The author as tyrant: is writing stories a form of control?

With novel number 4 all but finished, I find my mind turning on what next. There was an interesting conversation the other day about a possible plot for book 5, and I heard myself saying, ‘Well, I could kill off so-and-so, and have so-and-so falsely accused, etc etc,’ as if my characters are just pawns in my chess game. Which of course they are.

During the very first painful writing experience I recall deciding that one of the main characters should fall seriously ill and might die. I liked this character and had thought a lot about him, his childhood, his anxieties and frustrations, his strengths and talents, and I was proposing to bump him off on a whim, because I wanted to, and more importantly because I could.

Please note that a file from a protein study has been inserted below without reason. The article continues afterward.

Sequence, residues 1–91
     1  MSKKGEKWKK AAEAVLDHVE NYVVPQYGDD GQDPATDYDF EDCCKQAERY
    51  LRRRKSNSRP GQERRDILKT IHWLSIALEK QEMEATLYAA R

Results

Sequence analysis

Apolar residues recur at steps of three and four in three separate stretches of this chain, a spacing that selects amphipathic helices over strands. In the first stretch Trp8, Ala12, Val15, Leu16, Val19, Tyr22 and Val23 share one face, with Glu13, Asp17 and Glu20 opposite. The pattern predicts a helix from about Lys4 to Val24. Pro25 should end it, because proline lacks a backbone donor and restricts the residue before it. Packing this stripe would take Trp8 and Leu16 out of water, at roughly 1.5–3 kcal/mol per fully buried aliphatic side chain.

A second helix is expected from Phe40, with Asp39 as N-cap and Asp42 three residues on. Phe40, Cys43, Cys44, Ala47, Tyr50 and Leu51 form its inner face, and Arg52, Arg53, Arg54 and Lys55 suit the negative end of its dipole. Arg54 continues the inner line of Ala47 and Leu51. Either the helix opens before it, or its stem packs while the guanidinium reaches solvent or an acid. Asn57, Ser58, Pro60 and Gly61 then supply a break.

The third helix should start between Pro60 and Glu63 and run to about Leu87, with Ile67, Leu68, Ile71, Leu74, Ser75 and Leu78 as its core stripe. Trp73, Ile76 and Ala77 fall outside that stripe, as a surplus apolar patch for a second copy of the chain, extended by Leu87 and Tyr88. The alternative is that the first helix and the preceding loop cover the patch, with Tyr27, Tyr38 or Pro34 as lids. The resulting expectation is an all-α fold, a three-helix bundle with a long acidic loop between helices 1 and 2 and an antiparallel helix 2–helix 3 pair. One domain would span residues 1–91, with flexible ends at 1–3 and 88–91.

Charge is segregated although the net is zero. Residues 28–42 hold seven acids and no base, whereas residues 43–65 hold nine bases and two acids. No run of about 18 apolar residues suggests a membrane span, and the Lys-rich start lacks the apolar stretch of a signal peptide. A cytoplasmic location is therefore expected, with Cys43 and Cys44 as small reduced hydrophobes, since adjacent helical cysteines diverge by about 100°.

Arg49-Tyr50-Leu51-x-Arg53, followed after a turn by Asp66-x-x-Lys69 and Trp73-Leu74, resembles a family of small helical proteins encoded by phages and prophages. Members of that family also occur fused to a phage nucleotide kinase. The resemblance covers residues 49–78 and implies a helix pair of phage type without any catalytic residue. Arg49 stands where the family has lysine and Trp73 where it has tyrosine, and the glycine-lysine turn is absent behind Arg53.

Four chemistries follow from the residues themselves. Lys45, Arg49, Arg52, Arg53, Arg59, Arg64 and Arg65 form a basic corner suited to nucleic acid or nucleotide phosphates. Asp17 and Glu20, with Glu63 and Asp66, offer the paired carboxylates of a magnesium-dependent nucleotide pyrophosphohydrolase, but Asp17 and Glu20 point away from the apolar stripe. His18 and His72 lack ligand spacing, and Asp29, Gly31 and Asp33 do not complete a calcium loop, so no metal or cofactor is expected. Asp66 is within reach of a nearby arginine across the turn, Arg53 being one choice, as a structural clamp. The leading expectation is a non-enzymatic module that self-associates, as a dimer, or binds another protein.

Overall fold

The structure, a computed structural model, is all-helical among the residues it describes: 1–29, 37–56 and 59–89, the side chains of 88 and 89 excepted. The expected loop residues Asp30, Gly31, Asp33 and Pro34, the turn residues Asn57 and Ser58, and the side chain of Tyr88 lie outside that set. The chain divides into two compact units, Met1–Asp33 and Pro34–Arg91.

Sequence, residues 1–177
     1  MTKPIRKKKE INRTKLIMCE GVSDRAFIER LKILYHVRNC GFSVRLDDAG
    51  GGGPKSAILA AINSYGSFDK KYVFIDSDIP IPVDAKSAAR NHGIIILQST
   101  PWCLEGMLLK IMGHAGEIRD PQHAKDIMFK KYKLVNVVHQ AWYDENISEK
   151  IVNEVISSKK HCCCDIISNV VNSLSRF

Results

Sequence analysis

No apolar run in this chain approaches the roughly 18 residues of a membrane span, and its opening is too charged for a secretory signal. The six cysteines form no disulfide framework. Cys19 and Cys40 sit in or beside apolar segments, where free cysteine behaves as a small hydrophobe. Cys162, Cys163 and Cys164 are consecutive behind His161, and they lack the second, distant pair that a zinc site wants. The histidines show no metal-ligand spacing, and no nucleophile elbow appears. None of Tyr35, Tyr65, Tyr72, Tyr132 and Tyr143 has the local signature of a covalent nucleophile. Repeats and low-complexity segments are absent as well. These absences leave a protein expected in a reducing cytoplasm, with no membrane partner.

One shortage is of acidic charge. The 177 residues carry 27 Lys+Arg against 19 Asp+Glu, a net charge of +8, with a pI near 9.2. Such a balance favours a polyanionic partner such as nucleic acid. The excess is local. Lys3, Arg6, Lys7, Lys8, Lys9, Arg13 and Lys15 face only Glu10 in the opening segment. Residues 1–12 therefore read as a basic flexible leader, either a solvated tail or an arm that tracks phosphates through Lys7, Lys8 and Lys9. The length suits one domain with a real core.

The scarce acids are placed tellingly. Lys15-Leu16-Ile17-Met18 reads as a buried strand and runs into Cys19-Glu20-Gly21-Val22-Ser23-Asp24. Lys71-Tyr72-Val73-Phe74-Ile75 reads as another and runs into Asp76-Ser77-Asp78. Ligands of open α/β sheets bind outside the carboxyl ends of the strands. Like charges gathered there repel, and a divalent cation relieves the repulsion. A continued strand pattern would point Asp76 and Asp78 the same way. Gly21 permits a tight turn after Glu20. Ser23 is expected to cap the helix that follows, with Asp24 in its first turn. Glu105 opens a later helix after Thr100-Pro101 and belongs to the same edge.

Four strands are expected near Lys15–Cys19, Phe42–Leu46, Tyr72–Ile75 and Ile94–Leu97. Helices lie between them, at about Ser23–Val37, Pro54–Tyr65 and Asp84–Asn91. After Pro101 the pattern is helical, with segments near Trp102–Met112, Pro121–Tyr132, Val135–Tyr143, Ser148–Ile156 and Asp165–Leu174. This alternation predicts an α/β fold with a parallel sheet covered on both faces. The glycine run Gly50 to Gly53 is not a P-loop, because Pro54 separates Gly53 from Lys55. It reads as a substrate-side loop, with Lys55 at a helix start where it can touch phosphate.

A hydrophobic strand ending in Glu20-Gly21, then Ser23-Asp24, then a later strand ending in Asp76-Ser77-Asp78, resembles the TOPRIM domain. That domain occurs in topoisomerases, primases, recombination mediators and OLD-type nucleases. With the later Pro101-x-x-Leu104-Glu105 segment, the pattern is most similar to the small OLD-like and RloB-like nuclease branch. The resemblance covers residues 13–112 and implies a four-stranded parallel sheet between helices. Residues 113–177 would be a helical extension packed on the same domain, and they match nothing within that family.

As a happily single and self-employed person I must have a need for control over my own life that is perhaps higher than the normal. Creating characters and writing stories about them may be an extension of that inclination to be in charge. Novelists will tell you that their characters have a life of their own, and in their day to day actions that’s true, but ultimately if their creator decides to bump them off, or incapacitate them, they are powerless to resist. The author rules, OK?

By the end of book 2 ‘Forgiven’ I’d decided that one of the characters had outlived her usefulness to the development of the overall story and would have to go. The only question was when and how. In the end I started book 3 with a death, which upset some readers, but ‘tough’. Death is part of life, as are serious illness, unwanted pregnancy, and addictions of various kinds. We need characters who are stable and comfortable and reasonably happy, but they don’t make good stories and usually end up being hapless victims or just a counterpoint to the more interesting complexities of far less likeable people. And I’m the one who gets to decide, who lives, who dies, when, how and to what effect. I need to think about what this says about me.

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